What are the three stages of sepsis

sepsis

from Greek: σήψη ("sipsi") - putrefaction
Synonym: blood poisoning (lay term)
English: sepsis

1 definition

The sepsis is a life-threatening multiple organ failure, which is a misdirected systemicUnderlying immune response triggered by infection with pathogens. These are mostly bacteria, but viruses, fungi or parasites can also be the cause.

2 background

The definition of sepsis is inconsistent and the subject of ongoing discussion. Older definitions of sepsis are mainly based on the detection of pathogens in the blood ("bacteremia"). According to the recommendations of a consensus conference of the American College of Chest Physicians (ACCP) and the Society of Critical Care Medicine (SCCM) in 1991, sepsis is present if there is a systemic inflammatory response syndrome (SIRS) and clinical or microbiological infection can be proven.

Schuster and Werdan (2005) define sepsis as follows: "Sepsis is the totality of life-threatening clinical symptoms and pathophysiological changes in response to the action of pathogenic germs and their products, which enter the bloodstream from a focus of infection, activate the large biological cascade systems and special cell systems and trigger the formation and release of humoral and cellular mediators ".[1]

The 2016 Sepsis 3 consensus suggested that sepsis is a life-threatening (multi) organ failure triggered by a misdirected host's immune response to infection. The definition moves away from the originally dominant SIRS criteria and is instead based on the SOFA score. By definition, sepsis must have increased the SOFA score by 2 or more points.[2][3]

3 classification

A basic distinction is made between:

A distinction can also be made according to the origin and type of sepsis:

4 pathophysiology

Sepsis occurs when pathogenic agents or their toxins enter the bloodstream. The body's immune system is normally able to prevent this life-threatening disorder, so that a certain constellation of favorable factors must usually first be present. They include, for example:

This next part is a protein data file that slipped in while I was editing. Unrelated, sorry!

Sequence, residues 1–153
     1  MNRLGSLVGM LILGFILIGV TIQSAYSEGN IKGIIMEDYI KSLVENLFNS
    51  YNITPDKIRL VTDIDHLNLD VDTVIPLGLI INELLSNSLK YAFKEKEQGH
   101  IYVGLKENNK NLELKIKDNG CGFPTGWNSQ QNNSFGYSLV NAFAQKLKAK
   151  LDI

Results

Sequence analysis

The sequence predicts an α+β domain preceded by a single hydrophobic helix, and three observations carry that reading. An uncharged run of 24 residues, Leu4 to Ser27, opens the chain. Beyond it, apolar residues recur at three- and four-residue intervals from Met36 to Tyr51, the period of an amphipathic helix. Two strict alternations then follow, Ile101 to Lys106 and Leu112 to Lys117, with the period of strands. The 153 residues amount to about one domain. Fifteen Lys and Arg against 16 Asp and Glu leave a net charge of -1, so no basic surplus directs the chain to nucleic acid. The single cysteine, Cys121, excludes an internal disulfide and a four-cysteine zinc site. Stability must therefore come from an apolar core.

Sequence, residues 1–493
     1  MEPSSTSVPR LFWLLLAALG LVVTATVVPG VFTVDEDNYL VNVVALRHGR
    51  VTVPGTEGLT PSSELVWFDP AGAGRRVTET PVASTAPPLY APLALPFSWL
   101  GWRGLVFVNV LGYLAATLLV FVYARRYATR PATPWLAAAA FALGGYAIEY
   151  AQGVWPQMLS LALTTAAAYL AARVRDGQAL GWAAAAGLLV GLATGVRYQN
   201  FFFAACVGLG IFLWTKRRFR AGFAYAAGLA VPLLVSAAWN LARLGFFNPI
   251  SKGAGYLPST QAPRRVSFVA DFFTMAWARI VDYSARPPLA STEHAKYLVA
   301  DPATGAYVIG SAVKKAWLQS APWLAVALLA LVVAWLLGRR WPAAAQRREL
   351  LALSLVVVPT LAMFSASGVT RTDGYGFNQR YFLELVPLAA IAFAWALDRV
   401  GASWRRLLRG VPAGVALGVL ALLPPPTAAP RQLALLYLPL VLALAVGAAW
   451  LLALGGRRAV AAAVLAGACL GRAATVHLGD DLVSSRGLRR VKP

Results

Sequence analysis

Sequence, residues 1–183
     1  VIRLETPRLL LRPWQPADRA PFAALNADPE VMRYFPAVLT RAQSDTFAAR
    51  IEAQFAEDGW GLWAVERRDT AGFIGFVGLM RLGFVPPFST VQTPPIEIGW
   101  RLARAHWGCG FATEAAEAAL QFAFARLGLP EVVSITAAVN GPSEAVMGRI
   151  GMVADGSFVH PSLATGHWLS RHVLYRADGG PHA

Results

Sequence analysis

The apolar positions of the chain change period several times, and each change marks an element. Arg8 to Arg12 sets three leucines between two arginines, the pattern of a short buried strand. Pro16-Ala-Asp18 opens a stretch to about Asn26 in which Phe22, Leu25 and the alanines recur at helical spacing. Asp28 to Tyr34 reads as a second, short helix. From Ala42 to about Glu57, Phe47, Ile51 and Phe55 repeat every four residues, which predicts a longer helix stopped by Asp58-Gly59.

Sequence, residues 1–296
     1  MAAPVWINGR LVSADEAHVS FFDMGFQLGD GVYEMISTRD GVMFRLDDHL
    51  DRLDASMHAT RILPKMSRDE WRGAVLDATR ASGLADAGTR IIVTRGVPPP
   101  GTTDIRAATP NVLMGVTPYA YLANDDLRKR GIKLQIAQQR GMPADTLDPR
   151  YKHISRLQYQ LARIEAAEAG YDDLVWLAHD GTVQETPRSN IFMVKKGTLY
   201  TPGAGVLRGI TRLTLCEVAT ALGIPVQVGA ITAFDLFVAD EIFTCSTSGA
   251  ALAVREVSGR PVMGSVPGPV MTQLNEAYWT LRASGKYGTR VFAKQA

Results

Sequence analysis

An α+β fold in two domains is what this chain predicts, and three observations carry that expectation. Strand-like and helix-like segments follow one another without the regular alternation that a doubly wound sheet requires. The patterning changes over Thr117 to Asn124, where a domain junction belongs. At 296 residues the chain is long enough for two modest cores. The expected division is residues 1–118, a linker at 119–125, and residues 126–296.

• impaired immune defense
  • massive infection with a high number of pathogens
  • increased pathogenicity of the pathogen
  • Infection of poorly delimited body regions (e.g. abdomen)

In the initial phase of sepsis, there is an untreated one hypodynames Initial stage before ("cold shock"). Typical signs are hypotension, low cardiac output and increased systemic vascular resistance.

Inflammatory mediators then lead to vasodilation with a reduction in systemic resistance. This hyperdyname The shock stage leads to a relative intravascular volume depletion. In some cases, there is increased vascular permeability, which is associated with an additional absolute lack of volume. A compensatory increase in cardiac output is typical for this phase. However, the increased catecholamine level, the disturbed myocardial microcirculation and a reduced sensitivity of the cardiac β-receptors lead to a relative heart failure (acute septic cardiomyopathy).

In some of the patients, decompensation occurs in one of the sepsis hypodyne Shock phase: the cardiac output decreases, the vascular resistance increases again.

If left untreated, tissue hypoxia leads to (multi) organ failure, especially of the lungs, kidneys and liver, as a result of the microcirculation disorder.

5 pathogens

Sepsis can be triggered by a variety of different pathogens. The main bacteria responsible for sepsis are - sorted by frequency:

In immunosuppressed patients, the spectrum of pathogens in question is significantly larger, since microorganisms can also become pathogenic here, which do not play a role in immunocompetent people.

6 key symptoms

see also: SIRS, septic shock, bacteremia

7 Diagnosis

In addition to clinical and organ-specific examinations, diagnostics primarily include focus search and microbiology:

  • Blood cultures
  • Blood count, fibrinogen, Quick, PTT, creatinine, electrolytes, lactate, CK, GOT, amylase, lipase
  • Blood gas analysis

8 diagnostic criteria

Severe sepsis is when all of the following three criteria are met:[4]

8.1 Evidence of an infectious origin of the inflammation

It must at least one the following criteria must be met:

8.2 Detection of a systemic inflammatory host reaction (SIRS)

To have to at least two the following criteria must be met:

8.3 Infection-related organ dysfunction

It must at least one of the following criteria must be met